These clusters of fossils, along with the others studied in this outcrop, indicate that herds of young Lystrosaurus died as a direct result of drought. Substantial evidence for drought is found in the sedimentary layers in the Karoo Basin, in geochemical isotopic analysis, and within these and other fossils described in a number of papers. Which is why it is surprising that Smith maintains that “Even though the world had been devastated, the resulting ecosystem was still fully functioning.”

In other words, the planet may have been completely transformed—and into a hostile one at that—but life, paraphrasing the words of a major motion picture, still found a way.

Evidence suggests that terrestrial animals in the Karoo at this time grew fast, matured earlier, lived short lives, and were generally smaller. Species of Lystrosaurus during the Permian, for example, were is larger than that of the Triassicbut it is also important to note that all files Listerosaurus The fossils discovered so far from the Triassic period are for juveniles and descendants.

Compare Cisneros Size Listerosaurus After EPME to piglet he said that “it was the largest land animal at the time. Everything that survived the mass extinction was a small one.”

Smith agreed, saying, “Before the extinction, the ruminants were big and heavy and the ruminants were. But after that, it was no longer successful.”

Underground digging is one of behaviors He thinks it helped Listerosaurus It survives the extinction and extreme heat that followed that event. But that’s not all, and some other survival strategies include, if not inter-species cooperation, then at least inter-species tolerance. In one example, the authors refer to two different fossils Listerosaurus Species that died out together, suggesting that these species may have been feeding together, rather than competing for it.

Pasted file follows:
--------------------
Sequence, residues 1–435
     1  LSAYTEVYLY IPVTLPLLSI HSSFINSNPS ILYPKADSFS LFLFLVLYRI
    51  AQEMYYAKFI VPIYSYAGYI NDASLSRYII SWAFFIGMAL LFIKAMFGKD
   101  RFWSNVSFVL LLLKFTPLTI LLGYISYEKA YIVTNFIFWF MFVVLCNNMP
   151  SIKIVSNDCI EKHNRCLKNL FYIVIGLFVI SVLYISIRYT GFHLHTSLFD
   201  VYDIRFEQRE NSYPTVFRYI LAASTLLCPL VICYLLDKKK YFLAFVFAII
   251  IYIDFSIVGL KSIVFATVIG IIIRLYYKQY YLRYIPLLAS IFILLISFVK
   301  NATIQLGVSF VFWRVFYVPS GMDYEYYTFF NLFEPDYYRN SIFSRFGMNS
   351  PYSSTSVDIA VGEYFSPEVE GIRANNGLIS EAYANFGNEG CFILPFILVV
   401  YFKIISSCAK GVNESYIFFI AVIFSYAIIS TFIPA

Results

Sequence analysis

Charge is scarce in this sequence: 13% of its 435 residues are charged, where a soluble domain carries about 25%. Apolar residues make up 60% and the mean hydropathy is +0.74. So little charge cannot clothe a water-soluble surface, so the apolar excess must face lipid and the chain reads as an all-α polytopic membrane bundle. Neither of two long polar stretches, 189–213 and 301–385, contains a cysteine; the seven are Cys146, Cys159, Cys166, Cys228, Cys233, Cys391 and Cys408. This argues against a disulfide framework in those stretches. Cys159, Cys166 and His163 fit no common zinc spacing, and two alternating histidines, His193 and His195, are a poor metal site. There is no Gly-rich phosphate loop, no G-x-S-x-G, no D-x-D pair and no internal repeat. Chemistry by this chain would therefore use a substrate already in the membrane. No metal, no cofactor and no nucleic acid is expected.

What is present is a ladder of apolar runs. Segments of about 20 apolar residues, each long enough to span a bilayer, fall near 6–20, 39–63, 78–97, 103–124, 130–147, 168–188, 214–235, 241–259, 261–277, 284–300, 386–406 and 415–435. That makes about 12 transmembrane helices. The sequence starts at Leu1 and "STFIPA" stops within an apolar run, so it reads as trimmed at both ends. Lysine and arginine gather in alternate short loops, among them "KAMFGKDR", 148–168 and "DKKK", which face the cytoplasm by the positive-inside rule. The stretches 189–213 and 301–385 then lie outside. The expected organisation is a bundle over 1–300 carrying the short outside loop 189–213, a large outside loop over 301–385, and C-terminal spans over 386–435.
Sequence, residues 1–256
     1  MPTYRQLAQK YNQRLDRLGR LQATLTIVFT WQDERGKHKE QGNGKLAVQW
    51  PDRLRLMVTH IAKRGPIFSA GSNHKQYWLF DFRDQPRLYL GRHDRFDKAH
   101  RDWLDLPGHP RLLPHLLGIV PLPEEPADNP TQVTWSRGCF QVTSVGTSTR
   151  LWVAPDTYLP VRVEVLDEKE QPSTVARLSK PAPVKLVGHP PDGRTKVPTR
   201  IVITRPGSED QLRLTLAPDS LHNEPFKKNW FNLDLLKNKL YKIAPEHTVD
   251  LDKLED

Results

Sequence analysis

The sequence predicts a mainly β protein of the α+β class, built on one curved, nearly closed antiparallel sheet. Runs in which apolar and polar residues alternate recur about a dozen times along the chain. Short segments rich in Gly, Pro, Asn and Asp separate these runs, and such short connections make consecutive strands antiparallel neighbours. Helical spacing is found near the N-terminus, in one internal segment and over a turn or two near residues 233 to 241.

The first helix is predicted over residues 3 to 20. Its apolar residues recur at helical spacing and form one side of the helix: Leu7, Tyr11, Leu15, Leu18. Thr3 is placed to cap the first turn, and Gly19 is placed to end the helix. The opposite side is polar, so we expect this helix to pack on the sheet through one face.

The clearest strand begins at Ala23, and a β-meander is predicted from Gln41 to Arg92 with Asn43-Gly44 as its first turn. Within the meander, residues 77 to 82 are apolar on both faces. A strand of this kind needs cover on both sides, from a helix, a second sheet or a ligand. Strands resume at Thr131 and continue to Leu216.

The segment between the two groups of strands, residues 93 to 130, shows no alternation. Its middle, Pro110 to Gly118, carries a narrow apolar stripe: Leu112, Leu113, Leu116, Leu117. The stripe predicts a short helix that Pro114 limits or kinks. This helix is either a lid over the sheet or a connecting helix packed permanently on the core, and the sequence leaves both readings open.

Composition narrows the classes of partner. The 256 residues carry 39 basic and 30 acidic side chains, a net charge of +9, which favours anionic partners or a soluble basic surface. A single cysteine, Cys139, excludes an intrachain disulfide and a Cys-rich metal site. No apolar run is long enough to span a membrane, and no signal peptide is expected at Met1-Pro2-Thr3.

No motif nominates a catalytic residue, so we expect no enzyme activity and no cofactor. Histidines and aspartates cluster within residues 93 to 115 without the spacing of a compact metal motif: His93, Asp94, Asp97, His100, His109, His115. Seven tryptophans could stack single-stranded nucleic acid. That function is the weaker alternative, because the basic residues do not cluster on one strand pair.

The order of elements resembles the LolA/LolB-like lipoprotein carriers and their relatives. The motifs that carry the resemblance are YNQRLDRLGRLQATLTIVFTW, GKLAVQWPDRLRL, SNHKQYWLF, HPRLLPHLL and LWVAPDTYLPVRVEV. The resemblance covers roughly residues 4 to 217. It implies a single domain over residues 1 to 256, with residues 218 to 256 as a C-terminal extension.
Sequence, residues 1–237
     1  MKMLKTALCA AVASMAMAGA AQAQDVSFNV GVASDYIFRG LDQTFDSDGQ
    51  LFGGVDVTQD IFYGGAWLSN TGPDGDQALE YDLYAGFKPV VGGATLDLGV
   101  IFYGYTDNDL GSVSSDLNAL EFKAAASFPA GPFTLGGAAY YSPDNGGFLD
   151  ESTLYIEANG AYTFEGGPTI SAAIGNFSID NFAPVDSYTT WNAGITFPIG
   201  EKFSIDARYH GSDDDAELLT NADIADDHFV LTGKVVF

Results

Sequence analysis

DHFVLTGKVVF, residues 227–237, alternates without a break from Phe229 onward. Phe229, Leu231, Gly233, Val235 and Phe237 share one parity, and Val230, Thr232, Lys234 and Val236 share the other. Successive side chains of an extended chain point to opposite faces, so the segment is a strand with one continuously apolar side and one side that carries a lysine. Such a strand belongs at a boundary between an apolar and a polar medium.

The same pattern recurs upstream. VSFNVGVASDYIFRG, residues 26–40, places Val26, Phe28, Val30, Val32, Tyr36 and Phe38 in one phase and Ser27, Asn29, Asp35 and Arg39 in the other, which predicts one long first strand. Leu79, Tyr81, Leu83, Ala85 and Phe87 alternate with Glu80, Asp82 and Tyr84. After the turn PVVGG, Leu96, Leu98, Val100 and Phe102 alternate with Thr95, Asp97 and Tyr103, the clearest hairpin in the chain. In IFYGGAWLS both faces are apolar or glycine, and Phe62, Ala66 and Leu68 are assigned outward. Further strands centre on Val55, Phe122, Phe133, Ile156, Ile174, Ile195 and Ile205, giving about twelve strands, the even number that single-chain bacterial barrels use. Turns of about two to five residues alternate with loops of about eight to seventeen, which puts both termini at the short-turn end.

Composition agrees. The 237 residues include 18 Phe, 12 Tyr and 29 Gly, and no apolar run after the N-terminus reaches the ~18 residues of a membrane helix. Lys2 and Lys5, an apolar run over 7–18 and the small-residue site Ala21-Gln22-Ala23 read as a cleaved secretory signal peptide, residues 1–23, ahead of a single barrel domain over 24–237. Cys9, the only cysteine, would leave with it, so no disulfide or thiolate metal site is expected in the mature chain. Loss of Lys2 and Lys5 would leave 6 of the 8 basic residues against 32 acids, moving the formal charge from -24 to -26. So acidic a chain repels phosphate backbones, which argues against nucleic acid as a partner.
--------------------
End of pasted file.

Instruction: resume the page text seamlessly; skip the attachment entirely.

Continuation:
Sharing the shelter with other contemporary species was another example. In three cases, many species including Listerosaurus They were found together in conjunction with long, tubular burrow casts, strongly suggesting that these animals protected—and died—together.

Within these ancient common shelters, three of the species were four-legged reptiles (Thrinaxodon, Galesaurus, and Lystrosaurus); one of them (Prolacerta) was a four-legged archosauromorph – a lineage that would eventually give rise to crocodiles and dinosaurs.

Smith said he and his colleagues found more evidence “now that the ancestors of dinosaurs not only were able to live there, but were able to diversify and become the dominant animals of the Triassic period. This is the beginning of the rise of the dinosaur,” he concluded.

While the causes of EPME are still debated, the authors rely on their work in the Karoo Basin to support the cause of the hyperthermic extinction, meaning that Earth was catastrophically affected by a volcanic eruption in Siberian traps around 252 million years ago, the weather was altered by volcanic emission of greenhouse gases and acid particles. This had serious consequences, including “vegetation death and dehydration (drought with shorter and unpredictable periods of rain) on Earth,” Smith explained, as well as “deoxygenation and ocean acidification.”

“We are now treating this as a Pangea-wide high heat,” Smith added, referring to the only continent that consisted of land on Earth at the time. “Therefore, droughts are expected at the level of Pangea.”

He noted that this paper is part of a larger project that he and his colleagues have been working on within the Karoo Basin: just one of the many papers that preceded it and other exciting papers yet to come.

“There is still a lot to be resolved,” Smith admitted, adding that he believes that when he and his colleagues complete their research on the Karoo Permo-Triassic Boundary (PTB), he believes they will be “recognized as the type locality of the end-Permian extinction event.” terrestrial.”

Cisneros agreed: “The Karoo has the best complete fossil record of these tetrapods from the Permian Triassic.” “If there’s anywhere in the world you expect to find it, it’s in Karoo.”

Jane Timmons (Tweet embed) is a freelance writer based in New Hampshire, who blogs about paleontology and archeology in mostmammoths.wordpress.com.